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Hyundai Terracan (2003 - 2009)

TERRA FIRMA (some text hidden)

BY ANDY ENRIGHT

Introductionword count: 101

Just when you thought every Far Eastern off roader was turning a little fey, Hyundai launched the Terracan, a vehicle that offers old school ruggedness and solidity with old school pricing to boot. With the grit-spitting Terracan at the head of the range, cars like the Santa Fe and, latterly, the Tucson 4x4 could concentrate on offering a tarmac bias without fear of ridicule. Tracking down a used example might take some time as they were never big sellers, but a Terracan can make a very interesting buy when the initial slug of depreciation's been taken care of by somebody else.

Modelsword count: 6

Models Covered: (5dr 4x4 2.9 turbodiesel)

Historyword count: 141

The Terracan had been around for quite some time in its native market before it was launched to mildly puzzled British car buyers in summer 2003. Here was a car that seemed to buck every trend in 4x4 motoring. Where was the monocoque body and the svelte lines? Despite appearing a little antediluvian, the Terracan is in fact the fruit of a $240 million dollar investment, developed in-house by Hyundai at the Namyang Research and Development Centre. This sort of big, bruising all-wheel drive vehicle is essential in many global markets and the truth is that Hyundai don't expect the UK to account for a significant proportion of the Terracan's global figures. What it does represent is a worthwhile alternative to the more rugged Isuzu, Mitsubishi and Nissan products that have long eked a steady if unspectacular living on these shores.

What You Getword count: 291

Emboldened by their success with the Santa Fe compact 4x4, Hyundai have launched into the family 4x4 sector with a vengeance. The tale of the tape shows the Terracan to be longer, taller and wider than the Jeep Grand Cherokee, the Mitsubishi Shogun Sport and the Nissan Terrano, so there's no shortage of metal for your money. But, as we often find in this market sector, quality and quantity are often mutually exclusive. Hyundai aim to prove otherwise. The styling is fairly generic 'big 4x4' from the side, with wheelarch extensions and skirt cladding giving it a beefy appearance. The seven-slatted grille and clear-lensed lights give the car a rather surprised face but the overall effect is far more appealing if the cladding and front air dam is finished in body colour rather than in a darker two tone. As you would expect from an upspec Hyundai, the Terracan has had all manner of equipment levered into it. Expect to find twin airbags, ABS with electronic brakeforce distribution, side steps, a rear limited slip differential, climate control and electric windows all round. Add electric heated door mirrors, a CD-based stereo, alloy wheels, remote central locking, an alarm/immobiliser and fog lamps and you end up with a car that starts to look good value for money. Cabin space is above average for the class although Hyundai don't offer seven seats. As a consequence, there's plenty of legroom in the rear and the back bench features a 60/40 split and double fold to offer a wide array of cargo carrying options. A net and tie down hooks do their best to keep your goods in one place at the back while a sliding cover keeps your valuables out of sight of prying eyes.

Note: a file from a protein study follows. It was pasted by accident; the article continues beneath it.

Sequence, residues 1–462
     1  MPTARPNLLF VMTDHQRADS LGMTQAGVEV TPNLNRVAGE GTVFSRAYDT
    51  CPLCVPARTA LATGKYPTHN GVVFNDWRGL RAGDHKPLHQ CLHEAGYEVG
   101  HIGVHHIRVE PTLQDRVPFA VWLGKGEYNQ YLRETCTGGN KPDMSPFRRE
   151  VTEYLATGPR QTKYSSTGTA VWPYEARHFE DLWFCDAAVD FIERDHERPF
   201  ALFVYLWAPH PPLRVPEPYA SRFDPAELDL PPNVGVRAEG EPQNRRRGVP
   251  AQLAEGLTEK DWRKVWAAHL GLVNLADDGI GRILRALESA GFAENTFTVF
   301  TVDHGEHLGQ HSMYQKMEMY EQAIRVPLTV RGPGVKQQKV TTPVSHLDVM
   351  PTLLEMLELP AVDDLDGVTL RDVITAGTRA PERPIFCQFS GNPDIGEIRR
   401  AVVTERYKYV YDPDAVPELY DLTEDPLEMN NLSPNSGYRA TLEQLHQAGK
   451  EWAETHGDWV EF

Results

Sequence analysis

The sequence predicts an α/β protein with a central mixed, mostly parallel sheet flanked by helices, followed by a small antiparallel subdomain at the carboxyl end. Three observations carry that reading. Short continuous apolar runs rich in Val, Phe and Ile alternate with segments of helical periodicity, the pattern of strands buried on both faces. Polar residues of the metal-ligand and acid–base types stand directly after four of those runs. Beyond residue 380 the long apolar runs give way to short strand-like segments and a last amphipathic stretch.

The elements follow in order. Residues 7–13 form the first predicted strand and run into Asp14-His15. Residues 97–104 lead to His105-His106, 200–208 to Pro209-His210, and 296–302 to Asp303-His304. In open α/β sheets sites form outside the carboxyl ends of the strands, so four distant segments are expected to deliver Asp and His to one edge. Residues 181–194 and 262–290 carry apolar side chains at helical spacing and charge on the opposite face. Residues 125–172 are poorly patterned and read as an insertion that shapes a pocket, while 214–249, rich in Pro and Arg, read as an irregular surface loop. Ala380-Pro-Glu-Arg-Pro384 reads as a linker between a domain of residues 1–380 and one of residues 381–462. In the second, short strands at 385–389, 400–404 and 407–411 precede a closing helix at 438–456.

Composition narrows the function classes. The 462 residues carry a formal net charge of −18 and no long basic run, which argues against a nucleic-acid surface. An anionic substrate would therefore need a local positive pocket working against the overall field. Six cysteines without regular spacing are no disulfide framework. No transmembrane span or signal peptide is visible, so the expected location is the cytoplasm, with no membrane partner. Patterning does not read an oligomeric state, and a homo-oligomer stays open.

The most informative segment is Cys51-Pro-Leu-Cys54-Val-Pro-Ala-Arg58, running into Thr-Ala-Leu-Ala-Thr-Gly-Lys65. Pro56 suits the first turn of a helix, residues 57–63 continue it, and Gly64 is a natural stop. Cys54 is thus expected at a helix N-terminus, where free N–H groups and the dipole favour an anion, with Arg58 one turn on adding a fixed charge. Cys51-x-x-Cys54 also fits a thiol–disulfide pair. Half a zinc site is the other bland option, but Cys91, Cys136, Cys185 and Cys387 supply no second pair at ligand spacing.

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Pictures (high res disabled)

Scoring (subset of scores)

Category: Crossover or SUV 4x4s

Performance
50%
Handling
50%
Comfort
60%
Space
80%
Styling, Build, Value, Equipment, Depreciation, Handling, Insurance and Total scores are available with our full data feed.

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